Seiveril and his back from the dead new best mate- Starbrow (odd name) are kicking ass, and then moments later, getting the ass kicked right back. The Dales are surviving, the bad guys have multiplied- Hillsfar, Sembia, the Zhents and our old friend and favourite Sarya Dlardrageth are all out to grab themselves some prime real estate.

Oh, and Malkizid (a fallen Solar latterly turned Arch Devil, that's groovy) has also started whispering in Sarya's ear. The bad guys in this one get a lot more page time, and they're better and worse for it. Better because we get to visit with the rulers of Hillsfar, Sembia and the Zhent, and do a little nosing around and discover what these guys are really like. And the worse? They're all terrible people, to a man, although the Zhent CEO Fzoul seems the most collected (and therefore the nastiest) of this bad bunch.

There's a nice trip to the Yuir Wood and then through a portal into the other, much older, Yuir Wood (as was) home to the Star Elves, good work is done here. Same for Araevin's transformation as he sucks up the spells in the telmiirkara neshyrr (big magic bag-of-holding stone) and defeats its demon fey elf creator.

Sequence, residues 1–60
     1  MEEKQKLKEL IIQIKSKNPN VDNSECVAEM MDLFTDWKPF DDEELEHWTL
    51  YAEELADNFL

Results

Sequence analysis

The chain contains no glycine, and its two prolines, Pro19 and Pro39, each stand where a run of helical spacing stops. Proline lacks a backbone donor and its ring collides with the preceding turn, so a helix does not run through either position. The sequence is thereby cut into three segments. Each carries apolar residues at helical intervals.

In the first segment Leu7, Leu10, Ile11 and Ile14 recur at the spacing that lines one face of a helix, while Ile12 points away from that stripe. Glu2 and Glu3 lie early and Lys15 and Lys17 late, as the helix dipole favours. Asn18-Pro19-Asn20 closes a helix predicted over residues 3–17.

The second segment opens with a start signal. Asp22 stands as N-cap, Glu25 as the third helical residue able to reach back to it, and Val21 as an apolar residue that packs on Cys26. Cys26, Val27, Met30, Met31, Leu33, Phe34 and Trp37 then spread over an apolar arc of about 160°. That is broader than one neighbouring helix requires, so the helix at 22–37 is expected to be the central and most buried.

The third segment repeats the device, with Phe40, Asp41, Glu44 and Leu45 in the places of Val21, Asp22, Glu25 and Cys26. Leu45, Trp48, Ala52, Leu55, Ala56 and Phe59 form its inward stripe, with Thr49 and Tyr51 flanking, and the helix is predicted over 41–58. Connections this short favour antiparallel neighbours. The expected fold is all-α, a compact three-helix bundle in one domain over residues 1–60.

In short, it does what it does- a rollercoaster ride between hard won exposition, formulaic, but there's enough there to keep the pages turning, and this reader wanting to find out how and why. That said, the ante has been upped, and the last one in the trilogy will undoubtedly do it all again, only this time with an ending.

Read and enjoyed.

Stay safe and well you lovely people.

Cheers goonalan.


I just wanted to say how much I’ve enjoyed reading through this thread, it brought back a lot of memories from when I was obsessively reading this stuff. Thank you so much for doing it.